“From the Kimlyn Circle executions to the horrific events of last weekend (when two men where killed in separate shootings), Akron has succeeded only in prosecuting crime after the fact,” said Sines. “We have lost sight of taking care of our people, we are only looking at treating violent crime as a symptom — not as an underlying public health issue that could be treated with preventative medicine.
“But we can’t lay a complex problem like violent crime solely at the feet of the education system. Nor can we suggest our brave men and women in uniform, who don the blue and badge day in and day out, have somehow lapsed in their service to our town.”
With many violent crimes up in the past three years, even as the population has continued to decline, Harrison went after Horrigan.
“The city of Akron is out of touch with the reality of the epidemic of violence that is occurring in our neighborhoods,” he said. “The city of Akron has not dedicated the appropriate resources to address violence. This epidemic requires the community and the city of Akron working together to address this epidemic with a multi-phase approached.”
Harrison suggested applying an eagerness to combat crime that’s equal to the attention the city gives developers of business and entertainment districts.
All three men put emphasis on a community-wide approach to better education.
Harrison would reach children as young as 6 with more robust recreational programming while pushing for community learning centers built with a city income tax to be open year-round with no barriers, including cost, for community groups and nonprofit organizations that engage youth.
“Education or the lack of education is a huge factor relating to the potential for violence,” said Harrison. “It’s not by chance that areas experiencing the highest incidents of violence are the same areas where failing schools’ clusters are located. Our children cannot read and until we acknowledge and address this issue, we will continue to experience violence if we can’t improve the literacy abilities of our children.”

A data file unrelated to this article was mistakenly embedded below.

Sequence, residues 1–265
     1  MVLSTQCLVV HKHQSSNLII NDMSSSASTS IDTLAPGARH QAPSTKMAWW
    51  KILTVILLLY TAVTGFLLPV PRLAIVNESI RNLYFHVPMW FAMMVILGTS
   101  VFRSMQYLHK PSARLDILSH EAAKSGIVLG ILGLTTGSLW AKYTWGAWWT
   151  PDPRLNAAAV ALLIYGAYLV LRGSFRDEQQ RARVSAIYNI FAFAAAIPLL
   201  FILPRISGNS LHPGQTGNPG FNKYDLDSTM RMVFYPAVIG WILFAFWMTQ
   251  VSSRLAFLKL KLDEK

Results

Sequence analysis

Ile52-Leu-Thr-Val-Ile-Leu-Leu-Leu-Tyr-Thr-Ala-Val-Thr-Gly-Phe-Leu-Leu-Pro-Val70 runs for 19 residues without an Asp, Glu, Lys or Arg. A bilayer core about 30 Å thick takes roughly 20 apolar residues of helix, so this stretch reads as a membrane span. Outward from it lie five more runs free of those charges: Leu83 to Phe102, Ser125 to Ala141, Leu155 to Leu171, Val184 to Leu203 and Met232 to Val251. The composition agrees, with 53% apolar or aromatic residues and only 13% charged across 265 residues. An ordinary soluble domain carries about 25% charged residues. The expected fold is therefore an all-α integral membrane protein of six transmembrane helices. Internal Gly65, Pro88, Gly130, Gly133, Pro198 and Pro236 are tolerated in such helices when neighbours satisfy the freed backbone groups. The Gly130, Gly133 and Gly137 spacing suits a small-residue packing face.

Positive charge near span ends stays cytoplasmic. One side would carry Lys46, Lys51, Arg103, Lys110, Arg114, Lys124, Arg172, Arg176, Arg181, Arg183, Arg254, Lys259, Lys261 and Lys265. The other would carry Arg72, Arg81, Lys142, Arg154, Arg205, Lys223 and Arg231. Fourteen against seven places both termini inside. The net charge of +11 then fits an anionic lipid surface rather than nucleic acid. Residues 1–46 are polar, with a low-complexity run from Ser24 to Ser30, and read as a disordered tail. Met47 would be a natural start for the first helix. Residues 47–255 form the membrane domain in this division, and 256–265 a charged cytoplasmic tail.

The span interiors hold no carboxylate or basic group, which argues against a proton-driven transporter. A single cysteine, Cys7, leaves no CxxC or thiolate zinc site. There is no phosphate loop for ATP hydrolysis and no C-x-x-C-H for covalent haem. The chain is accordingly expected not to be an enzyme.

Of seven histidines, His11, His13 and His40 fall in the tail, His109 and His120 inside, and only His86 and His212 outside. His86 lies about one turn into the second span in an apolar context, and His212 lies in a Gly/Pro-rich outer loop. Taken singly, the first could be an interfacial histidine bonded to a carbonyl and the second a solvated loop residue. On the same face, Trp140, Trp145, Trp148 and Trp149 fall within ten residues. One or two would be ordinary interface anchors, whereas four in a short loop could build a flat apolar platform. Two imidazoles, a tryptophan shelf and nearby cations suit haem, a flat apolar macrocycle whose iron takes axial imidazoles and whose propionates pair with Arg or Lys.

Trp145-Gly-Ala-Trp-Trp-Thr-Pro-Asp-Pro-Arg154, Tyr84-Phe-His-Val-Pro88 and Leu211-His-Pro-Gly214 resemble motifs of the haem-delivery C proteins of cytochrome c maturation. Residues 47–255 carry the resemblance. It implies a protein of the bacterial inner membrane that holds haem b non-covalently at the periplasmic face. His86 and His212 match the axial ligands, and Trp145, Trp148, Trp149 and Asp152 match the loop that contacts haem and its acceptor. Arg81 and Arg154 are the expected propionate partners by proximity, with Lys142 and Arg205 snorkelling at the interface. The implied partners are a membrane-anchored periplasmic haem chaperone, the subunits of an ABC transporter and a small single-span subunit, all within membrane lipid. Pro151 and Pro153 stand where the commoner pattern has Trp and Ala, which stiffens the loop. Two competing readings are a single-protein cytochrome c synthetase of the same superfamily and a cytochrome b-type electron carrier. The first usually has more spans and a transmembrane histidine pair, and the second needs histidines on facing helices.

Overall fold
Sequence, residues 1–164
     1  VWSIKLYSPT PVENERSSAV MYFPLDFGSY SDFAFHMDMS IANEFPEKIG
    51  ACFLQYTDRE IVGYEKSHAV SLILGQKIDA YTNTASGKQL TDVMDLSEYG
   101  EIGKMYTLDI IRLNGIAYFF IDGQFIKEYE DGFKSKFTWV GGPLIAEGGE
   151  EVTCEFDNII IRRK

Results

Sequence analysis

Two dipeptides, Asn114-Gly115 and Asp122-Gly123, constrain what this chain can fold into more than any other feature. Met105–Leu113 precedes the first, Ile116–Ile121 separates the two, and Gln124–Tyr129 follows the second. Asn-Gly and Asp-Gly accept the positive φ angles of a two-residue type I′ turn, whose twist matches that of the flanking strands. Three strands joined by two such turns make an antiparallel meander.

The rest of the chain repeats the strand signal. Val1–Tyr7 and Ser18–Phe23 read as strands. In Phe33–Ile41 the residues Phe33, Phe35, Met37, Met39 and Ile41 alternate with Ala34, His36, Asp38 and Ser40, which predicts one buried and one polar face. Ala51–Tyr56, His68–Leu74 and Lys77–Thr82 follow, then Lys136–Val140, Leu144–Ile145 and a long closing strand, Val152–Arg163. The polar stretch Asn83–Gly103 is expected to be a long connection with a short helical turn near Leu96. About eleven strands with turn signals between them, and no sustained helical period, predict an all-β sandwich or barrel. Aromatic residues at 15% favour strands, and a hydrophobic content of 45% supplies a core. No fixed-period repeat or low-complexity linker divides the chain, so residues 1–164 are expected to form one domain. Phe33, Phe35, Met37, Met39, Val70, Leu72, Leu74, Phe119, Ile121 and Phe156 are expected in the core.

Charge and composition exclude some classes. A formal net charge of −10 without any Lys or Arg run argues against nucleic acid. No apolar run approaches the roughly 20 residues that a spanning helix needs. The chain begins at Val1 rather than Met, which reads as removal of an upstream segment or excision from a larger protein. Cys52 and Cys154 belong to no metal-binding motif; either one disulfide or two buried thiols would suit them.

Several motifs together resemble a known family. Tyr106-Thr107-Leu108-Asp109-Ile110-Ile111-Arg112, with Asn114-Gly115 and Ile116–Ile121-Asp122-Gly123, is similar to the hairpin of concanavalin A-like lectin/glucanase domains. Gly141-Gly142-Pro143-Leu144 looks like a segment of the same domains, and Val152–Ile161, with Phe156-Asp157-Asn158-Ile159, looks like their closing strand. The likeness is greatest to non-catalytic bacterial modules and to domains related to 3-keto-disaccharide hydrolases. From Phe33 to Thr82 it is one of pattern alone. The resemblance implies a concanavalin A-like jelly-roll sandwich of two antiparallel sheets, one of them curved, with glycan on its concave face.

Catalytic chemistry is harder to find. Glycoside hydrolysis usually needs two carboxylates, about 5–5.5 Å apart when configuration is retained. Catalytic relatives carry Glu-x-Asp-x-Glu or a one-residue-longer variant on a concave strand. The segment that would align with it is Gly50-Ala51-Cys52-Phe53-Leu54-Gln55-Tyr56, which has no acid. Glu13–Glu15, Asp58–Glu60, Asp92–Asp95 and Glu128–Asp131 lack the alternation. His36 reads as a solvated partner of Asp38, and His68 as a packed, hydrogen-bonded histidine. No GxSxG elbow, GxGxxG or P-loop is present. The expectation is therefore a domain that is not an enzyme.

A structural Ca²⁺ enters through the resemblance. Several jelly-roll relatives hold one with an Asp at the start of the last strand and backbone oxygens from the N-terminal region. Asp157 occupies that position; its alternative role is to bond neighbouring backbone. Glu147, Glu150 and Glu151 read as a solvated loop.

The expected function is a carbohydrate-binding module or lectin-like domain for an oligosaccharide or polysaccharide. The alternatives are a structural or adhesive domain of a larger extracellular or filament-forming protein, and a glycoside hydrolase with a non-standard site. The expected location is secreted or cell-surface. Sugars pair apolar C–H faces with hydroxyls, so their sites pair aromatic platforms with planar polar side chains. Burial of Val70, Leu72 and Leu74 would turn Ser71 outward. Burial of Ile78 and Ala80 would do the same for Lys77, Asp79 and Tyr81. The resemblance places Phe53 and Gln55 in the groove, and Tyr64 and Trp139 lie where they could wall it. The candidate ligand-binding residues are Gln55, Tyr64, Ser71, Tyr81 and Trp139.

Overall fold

Sines would ask the city to emulate LeBron James, who he called “Akron’s greatest crime fighter.”
Arguing that government can’t solve all problems, Sines applauded the public-private partnerships behind I Promise School in an effort to educate the child, support the whole family and reduce “crime for the next generation as well as providing better lives for kids who need it the most.”
“I’m not a sociologist,” Sines said. “In fact, I cook hamburgers and pour drinks. But, I know enough to recognize the root causes of a problem when I see them. We have a chance, to follow LeBron’s lead, to raise our children, to raise citizens. Win, lose or draw in this race, I challenge Akron to do so.”
At least seven people have been shot dead in Akron, two more than at this time last year. Children and adults have been injured by stray bullets while driving or standing in living rooms.
And historical trends predict gunfire will only increase as the weather warms.
“We could emphasize ‘hotspot’ policing to target areas that crime disproportionately affects,” said Sines. “We could consider de-emphasizing policing of certain crimes over others, and perhaps we should.”
Or the mayor could use his “soapbox,” which Sines said he would stand on, if elected, to tell residents to read to their children. “The holistic issues that lead to violent crime — low education, drug abuse, mental illness — are far more prevalent in children with strained family relationships and children who are not reading at their grade-level equivalent. These children are dramatically more likely to drop out, get hooked on drugs and end up on either side of a gun.”
Kids need conflict management skills learned on playgrounds, Harrison said. “Those same critical thinking and problem-solving skills are transferred into adulthood.
“Guns are a problem in our society,” he continued. “However, apathy toward this (violence) problem not gun control brings us to the place where we are today.”
Reach Doug Livingston at email@example.com or 330-996-3792.